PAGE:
New gastroenterology therapies and procedures come to light every year, but their receptions vary.
Abhishek Gulati, MD, chief of gastroenterology at Saint Agnes Medical Center in Fresno, Calif., connected with Becker's to discuss the future of minimally invasive gastroenterology procedures.
Note: This response has been lightly edited for length and clarity.
Question: How do you think minimally invasive gastroenterology procedures will progress in the future?
Dr. Abhishek Gulati: If you look back at the history of endoscopy as to how the colonoscopy became such a big procedure with millions of them being performed every year, [you see] they became [big] over time. Initially, when procedures were quote-unquote "novel," there were challenges in terms of getting insurance coverage as well as challenges in terms of [figuring out] where these procedures are done and the perceived risks that come along with these novel therapies. I see these minimally invasive procedures being performed more on the hospital, inpatient side only, because people might say, "The evidence is only for 10 or 15 years, we would like more time." Insurance, I'm sure, will fight tooth and nail against approving these procedures.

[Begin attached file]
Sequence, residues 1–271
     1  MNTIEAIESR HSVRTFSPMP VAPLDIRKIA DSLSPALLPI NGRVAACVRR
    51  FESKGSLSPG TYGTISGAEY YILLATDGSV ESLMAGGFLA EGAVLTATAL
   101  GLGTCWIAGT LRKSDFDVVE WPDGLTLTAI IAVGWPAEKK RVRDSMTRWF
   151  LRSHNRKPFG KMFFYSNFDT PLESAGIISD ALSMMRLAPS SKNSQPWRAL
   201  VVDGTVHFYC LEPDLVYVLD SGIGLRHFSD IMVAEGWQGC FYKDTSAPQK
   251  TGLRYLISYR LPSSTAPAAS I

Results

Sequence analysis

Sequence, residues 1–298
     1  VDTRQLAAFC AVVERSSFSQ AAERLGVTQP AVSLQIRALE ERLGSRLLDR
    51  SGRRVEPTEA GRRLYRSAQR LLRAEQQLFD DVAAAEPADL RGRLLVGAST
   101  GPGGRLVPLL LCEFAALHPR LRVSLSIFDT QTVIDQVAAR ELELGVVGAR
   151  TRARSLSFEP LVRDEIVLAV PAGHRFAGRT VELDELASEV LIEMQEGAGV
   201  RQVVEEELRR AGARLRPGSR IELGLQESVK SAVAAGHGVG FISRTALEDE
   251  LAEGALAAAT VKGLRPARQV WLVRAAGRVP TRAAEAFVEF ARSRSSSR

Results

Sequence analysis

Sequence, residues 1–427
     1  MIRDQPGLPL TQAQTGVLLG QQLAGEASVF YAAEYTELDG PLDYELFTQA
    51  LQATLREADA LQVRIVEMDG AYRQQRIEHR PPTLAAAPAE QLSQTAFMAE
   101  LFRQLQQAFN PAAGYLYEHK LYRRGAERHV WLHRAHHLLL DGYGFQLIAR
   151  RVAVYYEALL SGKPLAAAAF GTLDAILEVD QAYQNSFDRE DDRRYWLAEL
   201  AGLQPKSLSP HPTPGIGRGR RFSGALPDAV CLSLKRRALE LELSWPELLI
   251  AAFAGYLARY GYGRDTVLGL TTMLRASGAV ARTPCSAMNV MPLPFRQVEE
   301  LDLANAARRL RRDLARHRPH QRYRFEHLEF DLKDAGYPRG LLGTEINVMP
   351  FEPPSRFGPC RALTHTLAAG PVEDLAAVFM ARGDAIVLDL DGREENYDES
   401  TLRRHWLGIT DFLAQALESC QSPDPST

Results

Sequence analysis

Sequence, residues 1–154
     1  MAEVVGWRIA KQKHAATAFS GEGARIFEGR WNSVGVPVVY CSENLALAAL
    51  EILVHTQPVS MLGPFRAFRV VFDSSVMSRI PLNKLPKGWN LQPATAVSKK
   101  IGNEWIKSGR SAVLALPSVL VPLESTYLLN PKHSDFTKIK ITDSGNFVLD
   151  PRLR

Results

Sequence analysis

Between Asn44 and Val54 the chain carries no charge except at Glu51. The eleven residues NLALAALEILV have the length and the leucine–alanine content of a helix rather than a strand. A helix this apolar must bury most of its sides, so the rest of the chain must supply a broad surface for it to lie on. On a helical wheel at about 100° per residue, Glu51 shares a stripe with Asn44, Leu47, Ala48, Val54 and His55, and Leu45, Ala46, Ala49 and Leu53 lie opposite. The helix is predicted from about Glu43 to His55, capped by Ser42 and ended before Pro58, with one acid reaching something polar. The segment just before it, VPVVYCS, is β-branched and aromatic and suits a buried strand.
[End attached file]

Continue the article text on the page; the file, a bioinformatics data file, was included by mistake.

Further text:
But overall, the endoscopic procedures like I mentioned are minimally invasive and, in the right hands, are safe and very effective. There's accumulating data to support its use. Overtime, I suppose, it'll move in the direction that colonoscopies did — moving from the hospitals to ambulatory surgery centers — which I think will be performing the bulk of these procedures, eventually.